7

I would use a latent variable approach, since that's what x an y are. However, its not clear that all four parameters would be identifiable in this case. It would be helpful if you had some prior information for one or two of them. Here's an example: import pymc as pm # Priors mu_x = pm.Normal('mu_x', 0, 0.001, value=0) sigma_x = pm.Uniform('sigma_x', 0, ...


7

This does seem like a good model, implemented correctly in PyMC. There are two Bayesian stats facts that we can use to confirm your answer with another method: $\textrm{Beta}(1,1)$ is equivalent to the uniform distribution on the interval $[0,1]$; The beta and binomial distributions are conjugate. This means that the posterior distribution of $p$ is also ...


7

I'll record my modelling thoughts as I create it: import pymc as pm How can I recreate this data? Well, N_T cars enter. Do I know N_T? No, so it's a random variable. For simplicity, I'll say its a discrete uniform with max 1000 (you can change this to, say, a Poisson) N_T = pm.DiscreteUniform('N_T', 0, 1000) Of these N_T cars that enter, I know a car ...


7

Author here. There are a few points I can elaborate on: Your data is going to be distributed across many computers in a real cluster, so each computer has a fraction of the data. Locally, then, the computations should run fine. But the question next is: how do you combine all these inferences? Sure you could just merge the traces from each computer, but ...


7

We use pm.Potential here primarily to get around the definition of a likelihood. We ordinarily use it to constrain our likelihood in the manner described in the PyMC docs, but in this example we never end up defining a true likelihood (which would require the inclusion of observations). As such, all the samples that we draw are based on how we defined the ...


6

Take a look at a post in Healthy Algorithm: http://healthyalgorithms.com/2011/11/23/causal-modeling-in-python-bayesian-networks-in-pymc/ also in PyMC's totorial: http://pymc-devs.github.io/pymc/tutorial.html Maybe you would try the following code clip (assuming you have imported pymc as mc): A = mc.Normal('A', mu_A, tau_A) B = mc.Normal('B', mu_B, tau_B) ...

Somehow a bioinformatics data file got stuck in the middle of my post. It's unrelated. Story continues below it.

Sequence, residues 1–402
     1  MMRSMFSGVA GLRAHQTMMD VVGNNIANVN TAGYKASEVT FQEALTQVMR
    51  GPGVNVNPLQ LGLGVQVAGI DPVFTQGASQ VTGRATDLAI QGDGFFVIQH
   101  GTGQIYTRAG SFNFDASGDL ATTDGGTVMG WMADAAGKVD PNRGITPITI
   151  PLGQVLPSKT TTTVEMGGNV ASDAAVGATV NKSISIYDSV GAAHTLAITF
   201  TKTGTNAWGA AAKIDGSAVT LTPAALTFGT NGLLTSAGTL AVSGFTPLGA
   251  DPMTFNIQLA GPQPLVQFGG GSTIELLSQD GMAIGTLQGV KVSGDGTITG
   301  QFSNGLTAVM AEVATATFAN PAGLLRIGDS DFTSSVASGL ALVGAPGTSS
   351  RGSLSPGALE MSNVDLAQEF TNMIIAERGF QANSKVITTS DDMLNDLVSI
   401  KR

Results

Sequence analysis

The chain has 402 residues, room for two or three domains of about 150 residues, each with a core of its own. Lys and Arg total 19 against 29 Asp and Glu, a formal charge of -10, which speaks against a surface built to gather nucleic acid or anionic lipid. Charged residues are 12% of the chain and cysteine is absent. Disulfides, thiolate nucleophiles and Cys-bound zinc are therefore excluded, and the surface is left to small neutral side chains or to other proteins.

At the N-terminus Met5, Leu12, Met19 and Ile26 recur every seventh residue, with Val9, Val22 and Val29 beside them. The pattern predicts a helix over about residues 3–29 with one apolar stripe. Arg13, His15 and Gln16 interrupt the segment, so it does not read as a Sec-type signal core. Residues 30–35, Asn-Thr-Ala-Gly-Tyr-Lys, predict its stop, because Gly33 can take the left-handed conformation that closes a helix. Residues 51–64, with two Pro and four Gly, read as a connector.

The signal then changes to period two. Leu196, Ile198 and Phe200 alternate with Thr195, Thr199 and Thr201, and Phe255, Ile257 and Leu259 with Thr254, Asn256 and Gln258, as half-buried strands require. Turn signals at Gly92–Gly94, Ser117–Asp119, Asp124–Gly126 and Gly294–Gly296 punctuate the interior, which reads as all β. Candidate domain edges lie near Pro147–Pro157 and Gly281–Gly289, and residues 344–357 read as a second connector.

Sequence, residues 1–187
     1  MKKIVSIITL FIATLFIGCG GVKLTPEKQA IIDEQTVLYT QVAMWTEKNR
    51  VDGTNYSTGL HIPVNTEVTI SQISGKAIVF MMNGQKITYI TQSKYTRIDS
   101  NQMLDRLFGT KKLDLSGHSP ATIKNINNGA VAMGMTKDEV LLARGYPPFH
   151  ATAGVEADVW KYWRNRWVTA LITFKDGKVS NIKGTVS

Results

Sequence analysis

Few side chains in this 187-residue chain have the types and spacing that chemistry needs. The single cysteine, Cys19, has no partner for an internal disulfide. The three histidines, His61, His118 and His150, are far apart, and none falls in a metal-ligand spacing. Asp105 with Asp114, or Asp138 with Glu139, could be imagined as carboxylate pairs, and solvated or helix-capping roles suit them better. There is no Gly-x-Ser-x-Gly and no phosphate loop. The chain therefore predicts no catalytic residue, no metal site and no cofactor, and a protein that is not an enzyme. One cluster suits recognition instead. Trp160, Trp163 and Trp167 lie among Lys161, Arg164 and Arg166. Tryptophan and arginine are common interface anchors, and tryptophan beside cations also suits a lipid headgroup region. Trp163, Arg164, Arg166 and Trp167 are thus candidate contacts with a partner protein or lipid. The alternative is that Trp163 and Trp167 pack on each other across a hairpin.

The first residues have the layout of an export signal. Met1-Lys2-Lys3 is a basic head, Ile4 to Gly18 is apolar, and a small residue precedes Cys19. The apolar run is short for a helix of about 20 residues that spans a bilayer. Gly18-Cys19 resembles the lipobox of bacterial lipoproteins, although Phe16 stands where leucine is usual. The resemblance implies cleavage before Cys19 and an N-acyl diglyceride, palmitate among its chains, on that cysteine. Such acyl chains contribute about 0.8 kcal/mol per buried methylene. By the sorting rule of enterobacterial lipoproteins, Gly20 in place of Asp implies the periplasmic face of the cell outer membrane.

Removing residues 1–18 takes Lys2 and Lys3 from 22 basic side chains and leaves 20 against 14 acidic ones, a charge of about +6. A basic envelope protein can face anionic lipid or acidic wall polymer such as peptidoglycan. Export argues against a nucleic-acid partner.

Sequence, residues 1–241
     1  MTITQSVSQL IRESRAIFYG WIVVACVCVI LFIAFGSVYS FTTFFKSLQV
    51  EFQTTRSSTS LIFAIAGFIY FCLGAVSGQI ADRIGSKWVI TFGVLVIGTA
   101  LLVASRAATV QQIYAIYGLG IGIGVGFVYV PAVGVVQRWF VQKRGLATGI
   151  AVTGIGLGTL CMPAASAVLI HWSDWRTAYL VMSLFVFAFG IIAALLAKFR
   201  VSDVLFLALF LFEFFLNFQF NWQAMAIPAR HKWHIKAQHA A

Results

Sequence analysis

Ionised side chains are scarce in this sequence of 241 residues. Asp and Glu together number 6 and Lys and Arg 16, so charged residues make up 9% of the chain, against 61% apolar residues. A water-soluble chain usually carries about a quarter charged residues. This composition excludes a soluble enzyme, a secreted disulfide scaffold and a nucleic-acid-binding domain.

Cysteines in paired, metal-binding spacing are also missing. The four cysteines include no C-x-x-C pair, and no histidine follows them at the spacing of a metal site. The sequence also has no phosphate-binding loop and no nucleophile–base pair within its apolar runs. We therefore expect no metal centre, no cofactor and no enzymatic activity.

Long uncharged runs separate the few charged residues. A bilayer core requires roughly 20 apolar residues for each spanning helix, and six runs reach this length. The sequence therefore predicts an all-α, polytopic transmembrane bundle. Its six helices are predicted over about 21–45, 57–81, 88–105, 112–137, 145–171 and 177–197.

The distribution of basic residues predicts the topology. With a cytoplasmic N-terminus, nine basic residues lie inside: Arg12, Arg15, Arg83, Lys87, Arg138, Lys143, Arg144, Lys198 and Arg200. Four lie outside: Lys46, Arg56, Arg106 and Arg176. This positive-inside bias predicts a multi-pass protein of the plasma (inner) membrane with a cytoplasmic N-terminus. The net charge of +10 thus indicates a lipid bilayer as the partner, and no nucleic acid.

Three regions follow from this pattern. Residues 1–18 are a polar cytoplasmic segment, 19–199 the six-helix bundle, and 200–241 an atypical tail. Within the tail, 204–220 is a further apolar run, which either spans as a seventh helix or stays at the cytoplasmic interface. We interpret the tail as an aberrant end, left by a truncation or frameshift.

6

A couple of points, related to the discussion above: The choice of diffuse normal vs. uniform is pretty academic unless (a) you are worried about conjugacy, in which case you would use the normal or (b) there is some reasonable chance that the true value could be outside the endpoints of the uniform. With PyMC, there is no reason to worry about conjugacy, ...


6

SeanEaster has some good advice. Bayes factor can be difficult to compute, but there are some good blog posts specifically for Bayes factor in PyMC2. A closly related question is goodness-of-fit of a model. A fair method for this is just inspection - posteriors can give us evidence of goodness-of-fit. Like quoted: "Had no change occurred, or had the ...


6

I hope you like Python! I'll recite my comment here: This sounds like a hierarchical model. If I wanted to recreate the dataset, here's what I'd do: Let $D$ be a $Beta(\alpha, \beta)$ distribution (reasonable since we are dealing with probabilities). We don't know $\alpha, \beta$, we assign priors to them, say exponential for both with some $\lambda$ ...


6

The problem is caused by the way that PyMC draws samples for this model. As explained in section 5.8.1 of the PyMC documentation, all elements of an array variable are updated together. For small arrays like center this is not a problem, but for a large array like category it leads to a low acceptance rate. You can see the acceptance rate via print mcmc....